1/ The U.S. economy grew in the third quarter, marking its first increase in 2022 after two straight quarters of decline. GDP, a sum of all the goods and services produced from July through September, increased at a 2.6% annualized pace for the period. However, the inflation-adjusted GDP last quarter was about the same as where it was at the end of 2021. The Commerce Department also reported that consumer spending – which makes up more than two-thirds of the economy – grew but at a slower pace than in the prior quarter, and investments in residential housing fell at an annual rate of about 26%. The Federal Reserve, meanwhile, has raised interest rates five times this year and is set to do so again next week and in December as inflation remains near a 40-year high. (Politico / Wall Street Journal / Bloomberg / Washington Post / New York Times / CNBC / NPR / CNN)
2/ Mortgage rates topped 7% for the first time in 20 years and is “leading to greater stagnation in the housing market.” A year ago the rate on a 30-year fixed mortgage averaged just over 3%. Mortgage applications, meanwhile, fell 42% from a year earlier despite home prices falling at a record pace. The Case-Shiller home price index showed that single-family home prices decline 2.6 percentage points from July to August – the largest decline in the history of the index, which debuted in 1987. Prices, however, are still up 13% compared to a year ago. Sales of newly built homes dropped nearly 11% in September from August – the fourth time in 2022 that new-home sales fell by 10% or more from the prior month. “As inflation endures, consumers are seeing higher costs at every turn, causing further declines in consumer confidence this month,” Freddie Mac said. “In fact, many potential homebuyers are choosing to wait and see where the housing market will end up, pushing demand and home prices further downward.” (NBC News / NPR / Washington Post / New York Times / Bloomberg / CNN / Wall Street Journal)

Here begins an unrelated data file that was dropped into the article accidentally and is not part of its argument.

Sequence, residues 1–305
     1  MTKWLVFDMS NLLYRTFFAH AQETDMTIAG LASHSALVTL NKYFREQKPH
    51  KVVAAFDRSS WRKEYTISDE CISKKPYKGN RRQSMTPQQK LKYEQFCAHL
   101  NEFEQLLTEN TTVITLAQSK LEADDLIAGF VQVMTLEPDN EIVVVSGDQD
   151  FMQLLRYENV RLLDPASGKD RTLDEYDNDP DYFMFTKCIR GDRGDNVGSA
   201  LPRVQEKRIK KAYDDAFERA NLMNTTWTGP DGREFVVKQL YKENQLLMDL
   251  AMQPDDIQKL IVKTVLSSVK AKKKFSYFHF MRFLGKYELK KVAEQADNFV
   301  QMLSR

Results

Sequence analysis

3/ Americans die younger in conservative states, while states with more liberal policies are associated with lower mortality rates. Researchers analyzed mortality rates for all causes of death in all 50 states from 1999 to 2019 among adults aged 25 to 64. The study found that states with more liberal policies related to education, health care, gun safety, labor, economic taxes, and tobacco taxes were associated with lower mortality rates among people aged 25 to 64. The analysis simulated changing state policies to fully liberal could have saved more than 171,000 lives in 2019, while changing them to fully conservative may have cost over 217,000 lives. (USA Today / The Guardian / The Hill)
4/ More than 100 lawsuits have already been filed to challenge the Nov. 8 midterm elections that are still 12 days away. The legal challenges, reportedly largely organized by the Republican National Committee and its allies, have targeted mail-in voting rules, early voting, voter access, voting machines, voting registration, how mismarked absentee ballots are counted, and access for partisan poll watchers. The Democrats, meanwhile, have focused their legal efforts on voting access and helping those denied a chance to vote. Meanwhile in Arizona, two people armed with handguns and wearing tactical military gear and face masks showed up at a ballot drop box during early voting last week. (Associated Press / Bloomberg)
poll/ 40% of 18-to-29-year-olds said they will “definitely” vote in the Nov. 8 midterm elections – on pace to match or exceed the record-breaking 2018 youth turnout in a midterm election. Young voters also prefer Democratic control of Congress 57% to 31%, while 12% remain undecided. (Harvard Youth Poll)
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